Will court case mean cheaper live football?

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The Independent Online

Karen Murphy, a pub landlady, celebrated a major court victory this week after the European Court of Justice supported her right to show live games at her Portsmouth boozer bought through a cheap Greek satellite company. But hopes that homes and pubs could get access to cheap live games as a result of the ruling currently looks unlikely.

"Our view is that despite this landlady's court victory, any change in the way sports rights are controlled and shown in the UK is likely to be a long time away," according to Charlie Ponsonby, the boss of the TV, broadband and home phone comparison service, Simplifydigital.com.

Fed up with the high subscription costs for live Premier League games, Karen paid £800 a year for the Greek service which, she said, was 10 times cheaper than buying Sky Sports' pub licence. The Premier League took her to court under the Copyright Act and won: she was ordered to pay almost £8,000 for using the Greek decoder. But the ECJ sitting in Luxembourg this week overturned the decision.

The ruling effectively allows anyone to buy a decoder from elsewhere in Europe to watch games but, in practice, for homes it won't work out much cheaper. And the Premier League, keen to protect its lucrative broadcast licences, claims that pubs and clubs still need its authorisation to show games.

We won't get a final ruling on this for another three months, but in the meantime, which are the most cost-effective ways to watch live sport?

"The market is as complex as ever with Sky, Virgin Media and BT all offering competing Sky Sports deals," Charlie Ponsonby points out. "As a result you need a PhD in armchair sports to wade through the myriad of offers and counter-offers."

Simplifydigital says there are four rules to follow to find out the best deal for you. First, for those who want a complete Sky Sports package on its own with home phone or broadband, Virgin Media is the cheapest option.

Virgin charges £35 per month for the Sky Sports Collection – with its TV size (M+) package. The price excludes a £49.95 set-up charge. Sky charges £40 per month for the Sky+ Entertainment Pack and the Sky Sports Collection, which has an additional £79 set-up charge.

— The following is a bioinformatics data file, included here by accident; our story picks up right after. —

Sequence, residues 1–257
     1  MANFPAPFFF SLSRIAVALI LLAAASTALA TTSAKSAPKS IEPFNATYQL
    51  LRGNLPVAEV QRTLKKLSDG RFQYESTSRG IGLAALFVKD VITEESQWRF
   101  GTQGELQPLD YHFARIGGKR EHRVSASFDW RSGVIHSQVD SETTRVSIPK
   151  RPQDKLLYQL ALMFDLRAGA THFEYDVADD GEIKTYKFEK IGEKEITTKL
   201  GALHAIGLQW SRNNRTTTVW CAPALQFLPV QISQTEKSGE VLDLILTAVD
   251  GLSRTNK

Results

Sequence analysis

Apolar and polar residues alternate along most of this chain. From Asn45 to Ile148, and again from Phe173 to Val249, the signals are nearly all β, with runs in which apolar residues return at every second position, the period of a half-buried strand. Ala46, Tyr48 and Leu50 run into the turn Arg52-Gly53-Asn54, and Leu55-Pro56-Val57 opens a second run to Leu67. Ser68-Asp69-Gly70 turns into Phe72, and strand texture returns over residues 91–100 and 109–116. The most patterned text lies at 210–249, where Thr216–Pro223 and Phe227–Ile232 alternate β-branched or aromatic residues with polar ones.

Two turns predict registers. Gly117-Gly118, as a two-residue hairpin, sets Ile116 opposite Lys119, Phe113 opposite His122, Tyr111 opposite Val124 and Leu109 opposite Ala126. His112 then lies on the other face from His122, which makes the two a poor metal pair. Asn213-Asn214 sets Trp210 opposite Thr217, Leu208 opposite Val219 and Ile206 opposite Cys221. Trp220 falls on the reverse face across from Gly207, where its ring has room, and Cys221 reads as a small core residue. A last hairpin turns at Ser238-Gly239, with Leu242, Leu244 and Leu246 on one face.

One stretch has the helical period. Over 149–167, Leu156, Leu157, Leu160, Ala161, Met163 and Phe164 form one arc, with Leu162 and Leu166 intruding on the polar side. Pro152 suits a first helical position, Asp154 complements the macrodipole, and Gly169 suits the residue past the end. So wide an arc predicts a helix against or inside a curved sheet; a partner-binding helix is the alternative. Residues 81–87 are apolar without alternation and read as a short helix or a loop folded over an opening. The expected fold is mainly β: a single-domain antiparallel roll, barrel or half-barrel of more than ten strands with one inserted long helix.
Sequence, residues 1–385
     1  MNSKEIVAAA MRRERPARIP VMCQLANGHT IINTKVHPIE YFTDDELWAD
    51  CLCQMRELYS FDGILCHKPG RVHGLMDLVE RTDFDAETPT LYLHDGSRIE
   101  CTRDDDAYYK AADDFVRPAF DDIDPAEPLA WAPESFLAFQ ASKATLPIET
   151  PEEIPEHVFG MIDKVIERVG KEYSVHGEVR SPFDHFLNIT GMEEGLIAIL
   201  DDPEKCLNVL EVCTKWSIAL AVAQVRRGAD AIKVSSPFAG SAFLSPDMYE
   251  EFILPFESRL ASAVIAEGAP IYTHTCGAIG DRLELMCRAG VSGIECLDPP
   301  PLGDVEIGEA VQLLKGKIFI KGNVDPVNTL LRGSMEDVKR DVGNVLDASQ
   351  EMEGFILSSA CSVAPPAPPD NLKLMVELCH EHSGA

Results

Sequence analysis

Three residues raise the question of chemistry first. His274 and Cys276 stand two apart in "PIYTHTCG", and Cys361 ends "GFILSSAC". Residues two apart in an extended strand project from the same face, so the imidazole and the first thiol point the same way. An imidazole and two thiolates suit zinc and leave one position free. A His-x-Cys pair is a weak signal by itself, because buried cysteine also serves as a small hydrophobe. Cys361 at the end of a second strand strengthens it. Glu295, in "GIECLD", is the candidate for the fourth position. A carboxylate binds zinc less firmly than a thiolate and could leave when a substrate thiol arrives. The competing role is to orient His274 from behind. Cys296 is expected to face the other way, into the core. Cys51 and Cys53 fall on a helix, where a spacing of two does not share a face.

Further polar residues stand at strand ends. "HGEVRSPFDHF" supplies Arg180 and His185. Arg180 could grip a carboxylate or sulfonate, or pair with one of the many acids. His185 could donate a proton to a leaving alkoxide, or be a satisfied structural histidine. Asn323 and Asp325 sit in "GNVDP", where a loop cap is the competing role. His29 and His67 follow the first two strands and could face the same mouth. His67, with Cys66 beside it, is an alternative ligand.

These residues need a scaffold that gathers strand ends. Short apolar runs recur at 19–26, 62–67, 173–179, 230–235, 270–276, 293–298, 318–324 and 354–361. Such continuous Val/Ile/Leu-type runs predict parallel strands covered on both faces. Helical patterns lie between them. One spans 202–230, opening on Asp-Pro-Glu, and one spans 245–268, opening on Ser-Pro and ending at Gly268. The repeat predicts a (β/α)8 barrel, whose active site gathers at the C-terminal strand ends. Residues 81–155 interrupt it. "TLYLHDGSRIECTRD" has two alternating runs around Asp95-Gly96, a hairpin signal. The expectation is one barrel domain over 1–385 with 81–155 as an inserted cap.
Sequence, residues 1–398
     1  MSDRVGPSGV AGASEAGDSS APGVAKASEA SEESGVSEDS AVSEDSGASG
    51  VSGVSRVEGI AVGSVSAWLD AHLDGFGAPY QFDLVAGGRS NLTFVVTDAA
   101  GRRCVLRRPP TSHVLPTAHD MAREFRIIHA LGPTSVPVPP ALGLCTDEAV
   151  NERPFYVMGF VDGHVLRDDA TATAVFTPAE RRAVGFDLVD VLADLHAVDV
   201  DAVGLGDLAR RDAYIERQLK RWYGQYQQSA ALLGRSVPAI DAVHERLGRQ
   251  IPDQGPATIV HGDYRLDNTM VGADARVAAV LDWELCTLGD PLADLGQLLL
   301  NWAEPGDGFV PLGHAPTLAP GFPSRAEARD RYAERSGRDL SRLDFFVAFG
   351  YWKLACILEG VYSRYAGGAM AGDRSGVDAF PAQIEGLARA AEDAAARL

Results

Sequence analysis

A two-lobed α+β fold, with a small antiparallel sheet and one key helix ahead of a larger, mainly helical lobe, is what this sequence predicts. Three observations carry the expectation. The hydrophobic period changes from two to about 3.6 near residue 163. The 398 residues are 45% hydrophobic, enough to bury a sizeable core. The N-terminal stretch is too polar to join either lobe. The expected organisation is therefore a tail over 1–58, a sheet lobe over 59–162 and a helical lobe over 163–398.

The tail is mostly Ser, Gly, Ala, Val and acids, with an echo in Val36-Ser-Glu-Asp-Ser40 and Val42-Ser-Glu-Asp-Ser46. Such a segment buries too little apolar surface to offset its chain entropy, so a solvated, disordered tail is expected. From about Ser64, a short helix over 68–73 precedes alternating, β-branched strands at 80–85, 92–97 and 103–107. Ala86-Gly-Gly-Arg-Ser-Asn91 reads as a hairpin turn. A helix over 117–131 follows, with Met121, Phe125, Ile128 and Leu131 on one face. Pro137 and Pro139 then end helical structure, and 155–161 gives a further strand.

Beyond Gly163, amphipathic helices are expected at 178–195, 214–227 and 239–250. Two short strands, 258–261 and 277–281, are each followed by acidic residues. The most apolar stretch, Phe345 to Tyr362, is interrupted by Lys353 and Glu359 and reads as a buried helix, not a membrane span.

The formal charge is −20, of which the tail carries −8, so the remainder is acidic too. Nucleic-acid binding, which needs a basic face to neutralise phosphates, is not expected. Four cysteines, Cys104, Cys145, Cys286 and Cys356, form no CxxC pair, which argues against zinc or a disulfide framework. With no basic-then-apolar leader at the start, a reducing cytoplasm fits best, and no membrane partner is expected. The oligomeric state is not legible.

However, Sky is the cheapest if you want to get Sky Sports bundled with broadband and home phone services, although BT is cheaper if you're happy with just Sky Sport 1 and 2. See panel bottom for details.

If you want ESPN as well as Sky without having to sign up for a contract then TopUpTV – at £40.99 per month – is the cheapest, although it does not include Sky Sports 3, 4 or Sky Sports News.

If you want Sky Sports HD then Sky and Virgin Media are the only two choices, with Virgin cheaper at £42 per month with a £49.95 set-up.

How to save on live football matches

Bundling your TV subscription with your home phone and broadband is a cost-effective way to access live football. Sky is the cheapest place to get the full Sky Sports Collection in a bundle while BT offers the lowest price for the channels showing live Premier League, according to SimplifyDigital.com.

Sky's basic TV, broadband and phone bundle deal costs £40 per month plus a £79 set-up charge and line rental at £12.25 per month. It includes Sky Sports, Sky Broadband Lite (up to 20 Mbps broadband with a small 2 Gig usage cap) and free evening and weekend calls. The package includes Sky Sports 1,2,3,4 and Sky Sports News. You also get a Sky+ HD box, with access to BBC and ITV in HD.

If you only want Sky Sports 1 and 2, where live Premier League matches are shown, plus ESPN thrown in, BT offers the cheapest bundled option. BT TV Essentials + Broadband and Evening & Weekend Calls is £21.40 for the first four months, climbing to £34.40, excluding line rental and a £30 set up fee. It offers up to 20 Mbps with a 10 Gig usage cap, evening and weekend calls plan, but comes with a longish 18-month contract.

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